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Reader says rather than write a story about perseverance and the competitive spirit we write a story to gin up racist hatred

a “black teen” WAS NOT FORCED to cut his hair by a “white referee”.
The athlete was not in compliance with the rules.
The referee was enforcing the rules.
The athlete elected to come into compliance, competed and won.
It’s as simple as that.
But rather than write a story about perserverence and the competitive spirit we write a story to gin up racist hatred.
1. The student athlete was NOT IN COMPLIANCE with the RULES.
2. The referee enforce the rules by giving the athlete the choice to come in compliance with the rules within the specified time limit or forfeit the match.
3. The student athlete was given a choice and he ELECTED to have his own hiar cut and compete since he did not have the proper head gear rather than forfeit the match.
He WAS NOT coerced nor FORCED to get his hair cut.

“A wrestling official who required an African-American grappler from Buena Regional High School to cut his dreadlocks or forfeit his bout in a match against Oakcrest was acting in accordance with the rules, according to multiple South Jersey referees.
According to the National Federation of State High School Associations, wrestlers’ hair cannot extend past the earlobes. If it does, they must wear a legal hair cap to cover it.
Johnson was wearing a cap, but it wasn’t attached to the headgear as the rule requires, according to Buena graduate Ron Roberts, a wrestling referee of more than 20 years.
Johnson would’ve been in compliance in the past, but the rule changed within the past couple of seasons to require the cap to be attached to the headgear, according to Howie O’Neil, who’s officiated for 44 years.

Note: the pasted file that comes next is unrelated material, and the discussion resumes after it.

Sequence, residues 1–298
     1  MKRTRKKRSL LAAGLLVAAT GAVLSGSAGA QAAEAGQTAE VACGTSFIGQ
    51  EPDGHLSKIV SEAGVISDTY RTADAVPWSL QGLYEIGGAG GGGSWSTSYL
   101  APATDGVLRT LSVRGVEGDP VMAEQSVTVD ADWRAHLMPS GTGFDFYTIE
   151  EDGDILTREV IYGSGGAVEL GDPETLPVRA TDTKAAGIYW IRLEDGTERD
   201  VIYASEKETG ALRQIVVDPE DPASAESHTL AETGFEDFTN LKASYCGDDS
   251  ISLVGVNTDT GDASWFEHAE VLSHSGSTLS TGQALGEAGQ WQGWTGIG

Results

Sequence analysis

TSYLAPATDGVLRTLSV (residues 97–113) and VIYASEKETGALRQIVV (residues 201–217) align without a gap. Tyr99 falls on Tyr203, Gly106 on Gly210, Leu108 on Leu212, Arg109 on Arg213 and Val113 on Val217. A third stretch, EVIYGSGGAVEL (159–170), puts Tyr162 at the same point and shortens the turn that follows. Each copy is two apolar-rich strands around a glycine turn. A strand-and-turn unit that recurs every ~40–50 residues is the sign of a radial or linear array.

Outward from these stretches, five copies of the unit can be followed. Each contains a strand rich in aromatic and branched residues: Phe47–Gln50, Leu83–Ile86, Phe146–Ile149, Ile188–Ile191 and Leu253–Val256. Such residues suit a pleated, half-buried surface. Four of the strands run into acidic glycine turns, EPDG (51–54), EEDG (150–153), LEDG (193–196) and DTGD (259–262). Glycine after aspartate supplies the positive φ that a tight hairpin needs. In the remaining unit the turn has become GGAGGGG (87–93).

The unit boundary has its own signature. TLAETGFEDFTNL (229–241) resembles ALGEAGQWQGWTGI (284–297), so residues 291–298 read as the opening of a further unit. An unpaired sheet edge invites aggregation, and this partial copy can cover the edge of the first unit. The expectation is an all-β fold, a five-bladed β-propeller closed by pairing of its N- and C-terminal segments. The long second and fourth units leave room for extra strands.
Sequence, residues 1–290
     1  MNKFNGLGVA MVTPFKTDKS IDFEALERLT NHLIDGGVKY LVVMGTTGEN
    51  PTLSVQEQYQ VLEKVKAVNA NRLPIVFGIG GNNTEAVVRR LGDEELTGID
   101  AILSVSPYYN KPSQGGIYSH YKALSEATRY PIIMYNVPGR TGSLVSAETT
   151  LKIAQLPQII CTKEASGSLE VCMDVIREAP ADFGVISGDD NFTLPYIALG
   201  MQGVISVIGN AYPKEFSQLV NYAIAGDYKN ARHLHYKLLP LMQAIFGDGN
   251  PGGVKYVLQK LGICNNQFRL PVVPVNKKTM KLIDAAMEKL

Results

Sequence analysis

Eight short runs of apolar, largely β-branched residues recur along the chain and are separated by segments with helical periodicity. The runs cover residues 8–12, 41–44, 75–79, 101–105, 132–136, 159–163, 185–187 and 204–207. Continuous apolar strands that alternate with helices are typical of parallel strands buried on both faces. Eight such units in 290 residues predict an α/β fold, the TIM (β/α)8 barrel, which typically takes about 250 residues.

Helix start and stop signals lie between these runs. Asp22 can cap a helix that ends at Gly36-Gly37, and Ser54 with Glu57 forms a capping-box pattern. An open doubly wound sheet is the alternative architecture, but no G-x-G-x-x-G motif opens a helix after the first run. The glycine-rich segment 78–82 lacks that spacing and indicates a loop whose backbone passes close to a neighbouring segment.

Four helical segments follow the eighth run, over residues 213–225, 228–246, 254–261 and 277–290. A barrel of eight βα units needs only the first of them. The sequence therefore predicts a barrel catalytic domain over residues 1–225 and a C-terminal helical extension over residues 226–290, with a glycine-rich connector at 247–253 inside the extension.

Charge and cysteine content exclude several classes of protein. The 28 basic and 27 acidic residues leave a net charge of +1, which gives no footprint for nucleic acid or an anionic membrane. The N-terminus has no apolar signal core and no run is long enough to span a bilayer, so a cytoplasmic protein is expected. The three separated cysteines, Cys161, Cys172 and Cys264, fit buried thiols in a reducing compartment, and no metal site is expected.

“The interpretation of the rule was applied correctly,” said Roberts, who hadn’t seen the video, but had heard of the incident. “The kid had to have legal head cover by rule or he’s got to cut his hair.””

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Reader says There is no better sport than Wrestling for teaching discipline, toughness and responsibility to Ridgewood kids


You want to build character in you kids, have them wrestle. There is no better sport for teaching discipline, toughness and responsibility. Wrestlers come in all shapes and sizes so there is no physical advantage one way or another. Wrestlers generally have some of the highest GPAs of college athletes. The RHS Junior Wrestling coaches, year after year, are some of the best guys out there and your kid WILL get to wrestle every week. They work very hard to match your kid up with a similar kid so matches are close and both kids walk away with some learning and confidence. You want a great sports program in Ridgewood, try wrestling.

We’ve had some very good coaches in other sports but the majority have been in it for themselves. The truth is, Dads control most all sports, football being the worst. God forbid on of their kids isn’t on the “A” team. My son was assigned to the “C” team and every week they would call him to cover a position on the “A” team. He was an “A” team player but they just couldn’t bump one of their own to make room for him on the roster. He never played football again.

I’ve seen second grade baseball coaches keep their “stud” players in key positions (not rotate them), have the opposing team go 3 up 3 down and have their side bat around mutliple times and think this is okay.

Soccer . . . I can bet the coaches kids are playing the offense and getting lots of ball time.

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Ridgewood Wrestling riding momentum from solid finish in counties


Ridgewood Wrestling riding momentum from solid finish in counties

January 9, 2015    Last updated: Friday, January 9, 2015, 12:31 AM
By Matthew Birchenough
The Ridgewood News

The Ridgewood High School wrestling team passed an early-season test with a strong performance at last week’s George Jockish Bergen County Coaches Association (BCCA) Holiday Tournament, giving the squad some early-season momentum heading into its dual-match schedule.

The Maroons scored a team total of 78.5 points, which was good enough for 12th place overall in the tournament held Dec. 29-30 at Rockland Community College in Suffern, N.Y., and second among Group 4 schools, finishing only behind Old Tappan (seventh, 87 points).

“We were fortunate enough to come out with five medal-winners, which is the second-highest total we’ve ever had,” RHS coach Torre Watson said earlier this week. “We were really very happy about how we did.”

Senior Nick Saglimbeni (152 pounds) and junior 182-pounder Kyle Inlander — Ridgewood’s captains — both earned third in their respective weight classes after falling in the semifinals to the eventual champion.